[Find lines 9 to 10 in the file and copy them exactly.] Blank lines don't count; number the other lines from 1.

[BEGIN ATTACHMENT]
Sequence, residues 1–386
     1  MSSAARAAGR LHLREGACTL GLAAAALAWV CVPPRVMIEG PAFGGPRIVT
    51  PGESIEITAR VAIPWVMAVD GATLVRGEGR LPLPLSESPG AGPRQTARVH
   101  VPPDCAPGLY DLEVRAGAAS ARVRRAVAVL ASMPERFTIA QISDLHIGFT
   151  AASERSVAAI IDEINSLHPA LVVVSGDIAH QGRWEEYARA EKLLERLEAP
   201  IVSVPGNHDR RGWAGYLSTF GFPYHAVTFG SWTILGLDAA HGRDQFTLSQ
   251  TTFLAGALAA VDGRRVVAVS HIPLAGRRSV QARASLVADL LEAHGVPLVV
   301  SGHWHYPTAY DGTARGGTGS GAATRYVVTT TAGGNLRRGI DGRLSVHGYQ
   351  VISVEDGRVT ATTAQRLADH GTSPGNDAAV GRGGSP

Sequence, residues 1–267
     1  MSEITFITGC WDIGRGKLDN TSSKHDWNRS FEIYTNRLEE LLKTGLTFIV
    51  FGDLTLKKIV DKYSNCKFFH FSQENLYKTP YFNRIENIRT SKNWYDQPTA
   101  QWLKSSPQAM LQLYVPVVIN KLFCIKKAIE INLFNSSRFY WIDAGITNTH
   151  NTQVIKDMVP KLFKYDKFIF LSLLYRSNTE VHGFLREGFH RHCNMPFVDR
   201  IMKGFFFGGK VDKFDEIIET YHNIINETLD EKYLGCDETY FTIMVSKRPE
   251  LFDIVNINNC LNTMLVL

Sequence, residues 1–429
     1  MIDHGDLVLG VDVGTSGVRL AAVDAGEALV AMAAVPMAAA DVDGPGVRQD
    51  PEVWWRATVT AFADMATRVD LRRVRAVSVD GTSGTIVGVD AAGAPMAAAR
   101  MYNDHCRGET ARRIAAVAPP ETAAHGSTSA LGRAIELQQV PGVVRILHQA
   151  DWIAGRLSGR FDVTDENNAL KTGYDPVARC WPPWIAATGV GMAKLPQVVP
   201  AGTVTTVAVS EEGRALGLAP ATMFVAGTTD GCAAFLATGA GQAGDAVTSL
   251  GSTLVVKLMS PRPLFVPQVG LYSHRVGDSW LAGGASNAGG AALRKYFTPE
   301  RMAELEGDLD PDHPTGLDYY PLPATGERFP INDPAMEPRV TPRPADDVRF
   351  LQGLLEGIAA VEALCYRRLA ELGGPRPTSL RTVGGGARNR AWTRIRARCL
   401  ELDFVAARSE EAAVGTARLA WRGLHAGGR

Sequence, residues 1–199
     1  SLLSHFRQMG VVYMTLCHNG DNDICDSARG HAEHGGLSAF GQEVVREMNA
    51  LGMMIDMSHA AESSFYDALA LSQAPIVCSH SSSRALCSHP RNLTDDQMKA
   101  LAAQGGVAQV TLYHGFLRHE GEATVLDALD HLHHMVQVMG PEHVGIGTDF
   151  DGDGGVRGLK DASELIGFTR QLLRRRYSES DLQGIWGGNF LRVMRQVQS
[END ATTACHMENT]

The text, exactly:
   351  VISVEDGRVT ATTAQRLADH GTSPGNDAAV GRGGSP

Sequence, residues 1–267